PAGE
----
Throughout the process, the Oregon Employment Department engaged employers around the state through webinars and in-person presentations.
“We understand that government programs are often seen as cumbersome,” said Salena De La Cruz, Work Share Project Manager. “We’ve reduced the paperwork and made the program very accessible. The enhanced program provides a good option for businesses to consider when facing market fluctuations.”
Partnering with the Oregon Employment Department, a 12-month informational campaign was designed to educate employers in the Portland area and targeted treatment areas around the state. The campaign included informational mailings, presentations, and internet postings. Throughout the campaign, feedback on Work Share was gathered from employers. Incorporating this feedback, the Oregon Employment Department worked to streamline the application process and promote the program statewide.
In addition to an increased use of the Work Share Program, the study found an increased awareness of the program by employers of more than 30%.
Companies interested in the program can contact a program specialist at 503-947-1800, toll free 1-800-436-6191 or by emailing OED_WorkShare@Oregon.gov.
5. The Greatest Cure Known is Work
Emotions are sometimes strange, volatile, and unpredictable. They do not always respond to logic and reason. They do, however, respond to action. If you have occasional feelings of loneliness, discouragement, or discontentment, the best way to kill such negative emotions is to work them to death. Almost nothing is as bad as it first seems, and there’s nothing like a hard day’s work to put everything in proper perspective. When you begin to feel negative emotions, dwelling on your misfortunes only makes you feel worse. Do your best to put them out of your mind and think about more positive, constructive things. Physical labor can help. Choose a task that doesn’t require a great deal of concentration, and then focus on accomplishing the task at hand. ~Napoleon Hill
6. History is Repeating Itself, Tragedy or Farce Unclear So Far
In my younger years, studying world and American history in school, I used to wonder how people of those past times could have been so stupid. How could people actually believe that Hitler was a righteous man? How could they be convinced that Jews were evil and Nazism was good? Germans and Japanese at that time must have been crazy.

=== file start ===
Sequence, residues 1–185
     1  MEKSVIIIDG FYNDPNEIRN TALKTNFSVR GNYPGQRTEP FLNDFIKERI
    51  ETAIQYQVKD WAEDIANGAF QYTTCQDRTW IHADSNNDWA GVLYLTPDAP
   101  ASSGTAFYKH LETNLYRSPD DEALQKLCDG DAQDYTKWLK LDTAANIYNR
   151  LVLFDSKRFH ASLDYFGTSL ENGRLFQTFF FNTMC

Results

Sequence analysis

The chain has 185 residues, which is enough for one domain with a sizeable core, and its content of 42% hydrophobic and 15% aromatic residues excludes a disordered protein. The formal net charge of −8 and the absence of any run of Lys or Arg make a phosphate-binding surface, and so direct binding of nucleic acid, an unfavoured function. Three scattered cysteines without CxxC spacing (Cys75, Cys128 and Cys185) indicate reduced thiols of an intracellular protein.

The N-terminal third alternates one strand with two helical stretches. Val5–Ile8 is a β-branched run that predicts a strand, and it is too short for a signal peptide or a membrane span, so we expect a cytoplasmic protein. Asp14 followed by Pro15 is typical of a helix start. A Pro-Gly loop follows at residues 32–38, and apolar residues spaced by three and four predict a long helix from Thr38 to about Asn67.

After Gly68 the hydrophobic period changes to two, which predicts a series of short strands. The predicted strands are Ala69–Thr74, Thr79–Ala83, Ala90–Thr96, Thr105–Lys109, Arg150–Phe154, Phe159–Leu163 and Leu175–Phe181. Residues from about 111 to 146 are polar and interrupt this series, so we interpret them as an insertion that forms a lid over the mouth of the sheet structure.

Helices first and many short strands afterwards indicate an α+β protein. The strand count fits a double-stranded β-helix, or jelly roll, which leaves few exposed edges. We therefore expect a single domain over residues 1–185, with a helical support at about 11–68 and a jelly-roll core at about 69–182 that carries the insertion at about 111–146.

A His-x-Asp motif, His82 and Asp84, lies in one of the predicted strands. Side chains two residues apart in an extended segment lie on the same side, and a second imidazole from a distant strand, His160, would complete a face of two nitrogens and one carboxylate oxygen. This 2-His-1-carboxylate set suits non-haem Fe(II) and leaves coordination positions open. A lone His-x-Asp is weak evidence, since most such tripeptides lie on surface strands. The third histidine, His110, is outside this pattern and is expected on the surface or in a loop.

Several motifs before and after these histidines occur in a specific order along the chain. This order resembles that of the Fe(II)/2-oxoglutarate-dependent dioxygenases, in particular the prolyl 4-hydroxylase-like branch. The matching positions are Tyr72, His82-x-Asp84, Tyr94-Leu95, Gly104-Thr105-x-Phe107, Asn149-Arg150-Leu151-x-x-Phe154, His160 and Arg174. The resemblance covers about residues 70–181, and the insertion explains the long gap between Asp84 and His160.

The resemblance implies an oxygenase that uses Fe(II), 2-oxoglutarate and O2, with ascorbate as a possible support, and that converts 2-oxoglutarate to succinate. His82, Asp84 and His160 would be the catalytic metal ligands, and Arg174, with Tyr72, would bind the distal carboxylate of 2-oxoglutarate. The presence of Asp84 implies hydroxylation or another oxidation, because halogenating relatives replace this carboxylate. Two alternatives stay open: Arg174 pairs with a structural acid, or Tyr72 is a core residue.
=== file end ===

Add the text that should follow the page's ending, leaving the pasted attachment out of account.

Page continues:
Didn’t Americans understand that a civil war between states could lead to incredible bloodshed? How could people who shared the same heritage and culture go at each other’s throats so readily? It seemed like fantasy to me. People must have been completely different back then, much more gullible and ignorant.
How could it have been possible for Josef Stalin to starve tens of millions of Ukrainians to death with no resistance? How could Mao, as leader of the world’s largest population, starve to death tens of millions of his own people without opposition? It seemed impossible, almost like fiction.
After 65 years of my existence, I now realize that people have not changed. The ignorance of man is not a fantasy, it is real and enduring.
It is a different world, yet the same. We are the same human race that killed six million Jews under the Nazis, slaughtered 620,000 Americans in the Civil War, and murdered tens of millions of Ukrainian and Chinese citizens under Communism.
In our modern, so sophisticated Western world, we welcome the conquerors and assassins of an ancient culture into our society, where they can continue conquering and slaying us with our complete cooperation.
We welcome laws suppressing our freedom to speak, to own property, to operate a small business, and to defend ourselves. We actively oppose the Constitution that brought us where we are today.
In America, we built a thriving civil society, amazing the world with our wealth, our perseverance, our moral strength, and our positive ideology. We were the saviors of humanity.
And now, we show that we are truly fallible humans, in the process of destroying it all. Being in the middle of this history, most of us can’t see it. Having eliminated slavery and attained social justice, we demand more. Having achieved racial equality, it is not enough. Being the wealthiest nation of people in the world does not satisfy us. We need total global equality and diversity on Earth for every sex, race, and religion, even if that is not rationally possible to achieve… … …
7. Do the Rich Pay Their Fair Share?
Top earners remain targets for tax increases, but the federal income tax system is already highly progressive. In 2013, the latest year with available data, the top 10 percent of income earners earned 45 percent of all income and paid 70 percent of all federal income taxes. ~ Do the rich pay their fair share?
8. Links: Things to Think About & Things to Do
“The greatest good we can do our country is to heal its party divisions and make them one people.” —Thomas Jefferson (1801)